Bridgerton’s Adjoa Andoh wore her version of a school uniform every day even though her Cotswolds primary didn’t have one because she wanted to look ‘stoosh’ The 59-year-old actress who plays Lady Danbury says that She has always loved masculine style tailoring and has several men’s suits in her wardrobe.
The actress says her love of the “stoosh” look, slang for classy, snobby, classy or elegant, began at the age of eight in Wickwar in Gloucestershire in the 1970s. Before attending Katharine Lady’s school Berkeley, Stroud began copying her father’s 1950s couture.
‘At school I wore a gray pleated skirt, tie and blazer every day – and we didn’t even have a uniform,’ she told the Telegraph in an interview about Bridgerton’s suits . “I like to look stupid. »
READ MORE: Bridgerton star Adjoa Andoh reveals she felt ‘special’ growing up in Gloucestershire
The mum-of-three recently ordered some suits from The Deck, Savile Row’s only tailor that caters specifically to women, and recently told another interviewer: “I walk around incognito – I dress like a guy and I have short hair, so I rarely get recognized. But two girls spotted me in John Lewis and said, ‘It’s the eyebrows! Eyebrows !”.”
Now her love of tailoring has seeped into the character of Lady Danbury who wears frock coats and carries a cane. She said the attention to detail with the corsets and other costumes really helps the actors understand their characters on the hit Netflix show.
She dismisses critics who quibble about authenticity and says costumers tracked down tiny felt makers in Spain, made sure the buttons were genuine and hired a top corset-maker who had worked with designers and artists. famous for their efforts. “Netflix threw the kitchen sink on it,” said the actor, who studied law in Bristol and is married to lecturer Howard Cunnell.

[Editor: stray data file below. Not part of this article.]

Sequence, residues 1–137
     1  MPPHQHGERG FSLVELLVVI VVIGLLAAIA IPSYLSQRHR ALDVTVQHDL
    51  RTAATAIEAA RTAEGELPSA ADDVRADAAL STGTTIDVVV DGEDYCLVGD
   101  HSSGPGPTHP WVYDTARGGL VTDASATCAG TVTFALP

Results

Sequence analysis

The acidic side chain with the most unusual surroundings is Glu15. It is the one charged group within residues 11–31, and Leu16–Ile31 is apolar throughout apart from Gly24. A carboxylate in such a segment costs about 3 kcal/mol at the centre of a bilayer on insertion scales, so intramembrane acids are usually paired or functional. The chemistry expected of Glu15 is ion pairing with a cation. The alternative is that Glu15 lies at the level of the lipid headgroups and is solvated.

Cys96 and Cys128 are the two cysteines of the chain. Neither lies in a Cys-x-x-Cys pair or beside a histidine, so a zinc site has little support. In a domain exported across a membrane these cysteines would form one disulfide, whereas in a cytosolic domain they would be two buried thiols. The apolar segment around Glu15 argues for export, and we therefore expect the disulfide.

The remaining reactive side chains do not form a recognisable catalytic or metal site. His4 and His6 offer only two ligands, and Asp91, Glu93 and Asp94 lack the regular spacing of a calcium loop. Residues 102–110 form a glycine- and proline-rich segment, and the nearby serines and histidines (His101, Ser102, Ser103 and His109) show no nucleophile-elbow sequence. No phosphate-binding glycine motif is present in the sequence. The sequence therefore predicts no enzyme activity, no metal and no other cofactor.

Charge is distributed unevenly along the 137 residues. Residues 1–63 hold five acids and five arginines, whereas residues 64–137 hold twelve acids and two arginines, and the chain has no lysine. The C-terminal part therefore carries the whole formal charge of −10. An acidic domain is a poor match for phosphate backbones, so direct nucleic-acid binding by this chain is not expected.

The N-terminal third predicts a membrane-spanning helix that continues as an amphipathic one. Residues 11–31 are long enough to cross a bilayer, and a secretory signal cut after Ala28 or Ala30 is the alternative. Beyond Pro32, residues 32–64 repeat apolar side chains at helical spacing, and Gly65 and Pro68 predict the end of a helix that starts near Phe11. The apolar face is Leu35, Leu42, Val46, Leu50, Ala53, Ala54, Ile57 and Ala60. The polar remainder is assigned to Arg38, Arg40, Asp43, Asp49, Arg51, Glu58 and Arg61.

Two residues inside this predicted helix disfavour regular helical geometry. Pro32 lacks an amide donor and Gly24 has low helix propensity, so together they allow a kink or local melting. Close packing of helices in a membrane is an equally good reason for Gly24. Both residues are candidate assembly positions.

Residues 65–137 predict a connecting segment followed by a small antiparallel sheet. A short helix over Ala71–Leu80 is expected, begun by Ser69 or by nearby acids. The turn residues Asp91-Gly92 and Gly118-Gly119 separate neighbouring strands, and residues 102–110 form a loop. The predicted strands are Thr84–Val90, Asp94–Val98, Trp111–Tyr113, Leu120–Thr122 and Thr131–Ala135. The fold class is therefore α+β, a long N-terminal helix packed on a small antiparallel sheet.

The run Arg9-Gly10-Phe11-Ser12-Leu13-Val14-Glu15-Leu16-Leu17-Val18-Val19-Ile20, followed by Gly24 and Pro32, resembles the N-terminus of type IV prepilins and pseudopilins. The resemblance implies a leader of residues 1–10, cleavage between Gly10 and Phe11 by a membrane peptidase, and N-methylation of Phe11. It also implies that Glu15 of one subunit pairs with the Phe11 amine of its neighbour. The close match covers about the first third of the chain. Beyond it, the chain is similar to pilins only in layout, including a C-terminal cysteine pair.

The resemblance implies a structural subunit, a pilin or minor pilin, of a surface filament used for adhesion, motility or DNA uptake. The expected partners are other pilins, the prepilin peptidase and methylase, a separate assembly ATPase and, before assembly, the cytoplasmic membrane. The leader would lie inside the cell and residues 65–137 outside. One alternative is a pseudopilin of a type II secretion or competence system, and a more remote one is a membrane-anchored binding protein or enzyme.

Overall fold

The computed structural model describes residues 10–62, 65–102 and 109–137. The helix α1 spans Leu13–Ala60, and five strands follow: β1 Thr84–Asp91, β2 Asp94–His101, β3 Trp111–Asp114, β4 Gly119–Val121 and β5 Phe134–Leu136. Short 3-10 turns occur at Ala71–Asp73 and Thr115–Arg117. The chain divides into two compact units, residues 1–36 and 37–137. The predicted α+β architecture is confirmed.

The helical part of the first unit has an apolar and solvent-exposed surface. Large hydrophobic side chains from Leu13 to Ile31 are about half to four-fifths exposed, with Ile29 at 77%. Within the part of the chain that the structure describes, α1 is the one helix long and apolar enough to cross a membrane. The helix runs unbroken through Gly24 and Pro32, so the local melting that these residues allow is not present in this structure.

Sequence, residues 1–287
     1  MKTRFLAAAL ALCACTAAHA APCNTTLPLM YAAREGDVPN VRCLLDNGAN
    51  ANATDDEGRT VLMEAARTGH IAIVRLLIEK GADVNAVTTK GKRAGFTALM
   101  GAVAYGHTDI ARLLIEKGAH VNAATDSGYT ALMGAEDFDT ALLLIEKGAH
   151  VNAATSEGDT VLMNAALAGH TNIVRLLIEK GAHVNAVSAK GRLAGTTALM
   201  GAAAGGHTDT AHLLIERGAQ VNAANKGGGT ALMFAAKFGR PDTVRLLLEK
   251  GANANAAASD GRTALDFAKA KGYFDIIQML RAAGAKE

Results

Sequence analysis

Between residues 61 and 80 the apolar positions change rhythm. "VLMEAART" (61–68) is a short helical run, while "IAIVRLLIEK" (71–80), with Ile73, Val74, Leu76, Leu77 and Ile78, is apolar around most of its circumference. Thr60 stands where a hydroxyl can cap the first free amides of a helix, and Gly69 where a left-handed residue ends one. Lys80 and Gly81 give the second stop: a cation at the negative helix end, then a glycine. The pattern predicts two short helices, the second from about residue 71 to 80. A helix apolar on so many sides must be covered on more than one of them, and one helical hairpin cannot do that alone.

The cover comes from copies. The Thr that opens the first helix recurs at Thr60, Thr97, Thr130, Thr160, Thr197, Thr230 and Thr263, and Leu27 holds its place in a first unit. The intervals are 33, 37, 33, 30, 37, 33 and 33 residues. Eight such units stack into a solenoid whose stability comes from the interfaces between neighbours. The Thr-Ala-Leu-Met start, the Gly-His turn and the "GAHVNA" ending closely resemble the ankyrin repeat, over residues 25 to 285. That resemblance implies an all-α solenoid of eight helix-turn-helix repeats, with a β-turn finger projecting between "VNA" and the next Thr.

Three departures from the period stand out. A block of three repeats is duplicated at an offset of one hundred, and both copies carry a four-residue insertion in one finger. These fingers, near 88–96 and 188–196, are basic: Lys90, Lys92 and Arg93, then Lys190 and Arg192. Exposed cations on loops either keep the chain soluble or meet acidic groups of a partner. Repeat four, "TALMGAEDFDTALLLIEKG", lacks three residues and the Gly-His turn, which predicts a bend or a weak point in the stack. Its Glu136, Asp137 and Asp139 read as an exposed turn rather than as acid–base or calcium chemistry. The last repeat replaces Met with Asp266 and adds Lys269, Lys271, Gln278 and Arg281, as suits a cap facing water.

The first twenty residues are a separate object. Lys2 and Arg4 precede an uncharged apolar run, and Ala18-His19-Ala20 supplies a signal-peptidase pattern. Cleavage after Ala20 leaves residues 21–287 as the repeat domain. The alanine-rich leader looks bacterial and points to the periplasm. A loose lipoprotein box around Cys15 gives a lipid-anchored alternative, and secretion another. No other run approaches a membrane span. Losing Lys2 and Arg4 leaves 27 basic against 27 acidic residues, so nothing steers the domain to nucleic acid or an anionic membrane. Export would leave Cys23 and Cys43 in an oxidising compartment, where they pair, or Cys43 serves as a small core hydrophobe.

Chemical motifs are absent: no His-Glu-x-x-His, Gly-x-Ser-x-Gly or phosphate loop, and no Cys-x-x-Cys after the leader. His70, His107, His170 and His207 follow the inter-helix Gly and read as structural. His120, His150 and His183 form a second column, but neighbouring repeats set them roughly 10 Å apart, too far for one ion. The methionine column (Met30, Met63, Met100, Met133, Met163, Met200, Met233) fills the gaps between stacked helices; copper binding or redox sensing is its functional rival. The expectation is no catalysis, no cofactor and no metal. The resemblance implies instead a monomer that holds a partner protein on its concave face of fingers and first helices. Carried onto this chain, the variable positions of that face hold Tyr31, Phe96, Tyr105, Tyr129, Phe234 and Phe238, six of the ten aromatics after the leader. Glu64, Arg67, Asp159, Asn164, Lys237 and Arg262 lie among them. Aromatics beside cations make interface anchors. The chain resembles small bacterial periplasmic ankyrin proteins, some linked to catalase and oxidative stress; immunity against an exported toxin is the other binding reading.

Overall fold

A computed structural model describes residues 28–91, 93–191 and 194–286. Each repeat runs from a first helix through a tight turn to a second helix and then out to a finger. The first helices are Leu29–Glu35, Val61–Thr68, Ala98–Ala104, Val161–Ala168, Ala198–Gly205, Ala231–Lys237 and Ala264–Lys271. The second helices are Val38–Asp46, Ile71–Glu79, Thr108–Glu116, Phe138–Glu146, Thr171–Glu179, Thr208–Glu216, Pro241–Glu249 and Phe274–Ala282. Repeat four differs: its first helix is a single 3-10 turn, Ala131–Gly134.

“It’s breathtaking. A big thank you to the designers, because half the performance is whether you feel good in the clothes – especially for someone like Lady Danbury, who dresses so intentionally. The clothes are his weapon of choice.
She learned not to eat anything starchy or loosen corsets during lunch because they struggle to get back together afterwards and says the series gave her insight into why women put up with such restrictive clothing.
She said: “We are appalled at the restrictive and oppressive customs of other cultures, but hello, lacing up in a corset? Women’s organs have changed. And women wore them when they were pregnant.
“Youth and looks were commonplace even more than they are today. If corsets gave you more, then of course you wore one.”
Bridgerton was so successful that it made Regencycore all the rage, but she doesn’t want to speculate on her appearing in a future series (even though Lady Danbury is in all eight novels). But it brought him fame.
But it seems no matter what happens to the show, as the actor who worked at Lloyds in Wotton-under-Edge after sixth grade once said: “When my three children, Jesse, Daisy and Liam, and my grandson have a good day, and my parents and my mother-in-law are fine, I’m happy.”
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